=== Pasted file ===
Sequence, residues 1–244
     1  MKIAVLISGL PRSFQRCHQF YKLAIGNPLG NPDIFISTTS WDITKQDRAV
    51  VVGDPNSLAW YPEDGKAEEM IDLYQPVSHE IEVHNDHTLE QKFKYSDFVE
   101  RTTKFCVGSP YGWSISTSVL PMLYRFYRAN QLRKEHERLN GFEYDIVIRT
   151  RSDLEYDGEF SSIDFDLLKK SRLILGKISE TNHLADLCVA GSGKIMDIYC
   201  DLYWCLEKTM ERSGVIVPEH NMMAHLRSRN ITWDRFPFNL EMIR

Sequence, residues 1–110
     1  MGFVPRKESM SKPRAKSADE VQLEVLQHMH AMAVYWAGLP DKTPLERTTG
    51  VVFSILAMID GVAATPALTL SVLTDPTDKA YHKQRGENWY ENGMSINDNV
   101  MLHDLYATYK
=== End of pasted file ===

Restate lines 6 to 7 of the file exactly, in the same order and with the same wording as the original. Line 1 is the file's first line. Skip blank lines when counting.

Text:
   201  DLYWCLEKTM ERSGVIVPEH NMMAHLRSRN ITWDRFPFNL EMIR

Sequence, residues 1–110